I tried to argue that faculty could look for other things to do with their time, but this arguement also fell on deaf ears.

So, I'm afraid that disruptive innovation will have to come from outside the institution.

Therefore, when asked I still suggest that parents consider sending their son or daughter to a good community college, and then consider what school to go to next. Once you get your undergraduate degree (not to mention your graduate degree), no one cares where you went to school for the first two or so years.

Regards,
Fred M Beshears

pavel said...

Thank you for this post, Roger. As a Dean at a very small, very little known--and very progressive--college, I certainly agree with your perspective that names do not make an education, yet this is the world in which we live. What metric can there be, then, that rises above that of relatively ignorant perceptions of what makes a "good" college education?

gfrblxt said...

Your post is excellent, Roger, and pushes forward a discussion that I wish we could have nationally - that of the role of class and status in the US.

It's a pity that the United States has never been able to have a discussion, a real discussion, about social class. Why do students beat themselves into a pulp to get into "name" schools, when, by any objective standard, they can be just as well-educated (if not more so) at a "lesser" school? As you say, it's because of the status that such a degree provides. It's because of the network of connections that attending that "name" school will offer (at least in theory). It's because it's a way for those families in the upper class to remain there - there will always be slots in those schools for the children of wealth and privilege, and for those children they will further their social/class connections while attending.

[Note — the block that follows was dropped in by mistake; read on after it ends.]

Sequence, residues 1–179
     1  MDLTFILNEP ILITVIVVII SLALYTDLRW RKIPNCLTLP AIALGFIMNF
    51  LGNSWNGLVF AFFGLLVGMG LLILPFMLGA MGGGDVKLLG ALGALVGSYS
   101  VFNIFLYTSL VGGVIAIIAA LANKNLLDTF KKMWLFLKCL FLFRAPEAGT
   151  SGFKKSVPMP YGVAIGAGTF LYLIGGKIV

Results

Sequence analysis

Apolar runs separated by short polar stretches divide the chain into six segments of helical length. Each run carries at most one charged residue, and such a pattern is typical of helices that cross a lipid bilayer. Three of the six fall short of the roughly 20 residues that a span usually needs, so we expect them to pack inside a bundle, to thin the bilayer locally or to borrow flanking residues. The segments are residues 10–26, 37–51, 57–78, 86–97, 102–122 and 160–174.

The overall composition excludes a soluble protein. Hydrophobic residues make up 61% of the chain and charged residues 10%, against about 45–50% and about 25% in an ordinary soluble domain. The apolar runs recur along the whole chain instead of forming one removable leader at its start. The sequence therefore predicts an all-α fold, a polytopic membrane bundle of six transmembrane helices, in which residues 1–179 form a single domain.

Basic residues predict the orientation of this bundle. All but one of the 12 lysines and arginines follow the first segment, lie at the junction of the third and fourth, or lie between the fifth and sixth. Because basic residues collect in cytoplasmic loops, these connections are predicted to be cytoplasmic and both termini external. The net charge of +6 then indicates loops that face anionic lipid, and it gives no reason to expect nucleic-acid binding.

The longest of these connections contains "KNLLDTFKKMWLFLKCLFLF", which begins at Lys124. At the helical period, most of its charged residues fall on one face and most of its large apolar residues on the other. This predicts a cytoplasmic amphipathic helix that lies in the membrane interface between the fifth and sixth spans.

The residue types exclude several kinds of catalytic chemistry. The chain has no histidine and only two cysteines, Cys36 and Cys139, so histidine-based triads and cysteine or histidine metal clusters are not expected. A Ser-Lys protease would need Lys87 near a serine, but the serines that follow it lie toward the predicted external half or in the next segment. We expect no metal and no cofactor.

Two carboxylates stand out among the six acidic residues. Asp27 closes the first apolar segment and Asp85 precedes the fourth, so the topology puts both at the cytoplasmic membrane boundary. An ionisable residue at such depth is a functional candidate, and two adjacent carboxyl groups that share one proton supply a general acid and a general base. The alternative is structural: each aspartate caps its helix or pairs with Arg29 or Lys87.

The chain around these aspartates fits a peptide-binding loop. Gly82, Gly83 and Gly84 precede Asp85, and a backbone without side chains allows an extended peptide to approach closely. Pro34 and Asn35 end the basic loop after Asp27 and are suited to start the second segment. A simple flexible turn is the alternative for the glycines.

The sad part is, it's not at all clear what will change this - think about the colleges that the founders of Microsoft and Facebook attended, for example, and think about the social networks (sorry for the pun) they had developed prior to even attending college. This is a big sell for certain colleges, AND a big sell for college prep schools - not to mention the Kaplans and Princeton Reviews of the world. It's all, in the end, about access.